Suggested Audio Compressor Plugins: Waves CLA Classic Compressors, Waves dbx 160, Waves API 2500, Slate Digital FG-Stress Compressor, IK Multimedia T-Racks Vintage Tube Compressor Model 670, McDSP 4030 Retro Compressor HD, Universal Audio API 2500 Bus Compressor, Universal Audio Empirical Labs EL8 Distressor, Universal Audio Variable Mu Limiter Compressor, Universal Audio 1176 Classic Limiter Collection, Universal Audio Fairchild Tube Limiter Collection, Universal Audio Chandler Limited Zener Limiter, Fab Filter Pro-C 2, Antelope Audio BAE 10DCF, Antelope Audio Impresser, Antelope Audio Tubechild 670, Avid BF76 Compressor, Avid Smack, Avid BF-3A, Apogee Opto-3A, Apogee ModComp
Reverb/Delay Audio Plugins
In the earliest days of analog recording, the only way to add more depth to a record was to move the microphone further away from the sound source. Thankfully, ever since EMT released the EMT 140 plate reverb in 1957, a variety of tools for simulating space in your mixes have been developed.
In addition to analog-modeled plate and spring designs, reverb plugins also offer an array of algorithms to simulate the sound of halls, rooms, churches, chambers, and more. Some reverb plugins can be used to simulate strange environments like massive silos and tiny tin cans, while others use impulse response technology to accurately simulate the exact reverb response of a specific environment, like the legendary Blackbird Studios in Nashville.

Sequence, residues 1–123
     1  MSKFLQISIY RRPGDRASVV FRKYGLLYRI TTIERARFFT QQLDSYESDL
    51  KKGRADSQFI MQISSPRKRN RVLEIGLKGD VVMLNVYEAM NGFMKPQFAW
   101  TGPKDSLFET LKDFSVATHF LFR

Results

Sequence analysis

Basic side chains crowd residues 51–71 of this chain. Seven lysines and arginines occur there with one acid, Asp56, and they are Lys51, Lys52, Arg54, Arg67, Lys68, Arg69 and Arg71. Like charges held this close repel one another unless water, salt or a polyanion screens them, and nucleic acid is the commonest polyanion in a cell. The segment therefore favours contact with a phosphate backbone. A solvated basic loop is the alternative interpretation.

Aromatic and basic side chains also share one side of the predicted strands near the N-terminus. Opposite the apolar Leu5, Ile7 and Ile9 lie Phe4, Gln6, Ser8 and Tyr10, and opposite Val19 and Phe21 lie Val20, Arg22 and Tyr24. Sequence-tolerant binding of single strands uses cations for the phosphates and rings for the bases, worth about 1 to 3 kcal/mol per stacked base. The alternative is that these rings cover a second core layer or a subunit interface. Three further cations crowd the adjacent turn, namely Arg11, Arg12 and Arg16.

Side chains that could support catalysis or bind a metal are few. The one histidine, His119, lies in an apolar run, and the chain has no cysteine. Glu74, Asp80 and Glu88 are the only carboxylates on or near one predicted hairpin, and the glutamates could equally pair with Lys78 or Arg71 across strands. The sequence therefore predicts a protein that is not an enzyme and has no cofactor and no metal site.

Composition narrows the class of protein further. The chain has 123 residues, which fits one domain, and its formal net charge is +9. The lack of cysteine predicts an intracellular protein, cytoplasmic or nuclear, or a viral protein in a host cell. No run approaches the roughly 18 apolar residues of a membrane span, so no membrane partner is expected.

Delay plugins work similarly. Some are emulations of vintage tape delays, while others, like Soundtoys’ Echo Boy, introduce all new algorithms for sounds and effects that could only be achieved by a computer.
Suggested Reverb/Delay Audio Plugins: Audio Ease Altiverb 7, Waves Abbey Road Chambers, Lexicon PCM Native Effects, Waves H-Reverb, Waves Renaissance Compressor, Exponential Audio Stratus 3D Reverb, Universal Audio Capitol Chambers, Universal Audio Lexicon 480L, Universal Audio AKG BX 20 Spring Reverb, Universal Audio EMT 140 Classic Plate Reverberator, Universal Audio Cooper Time Cube MK II Delay, Korg SDD-3000 Digital Delay, Soundtoys Echo Boy, Avid AIR Dynamic Delay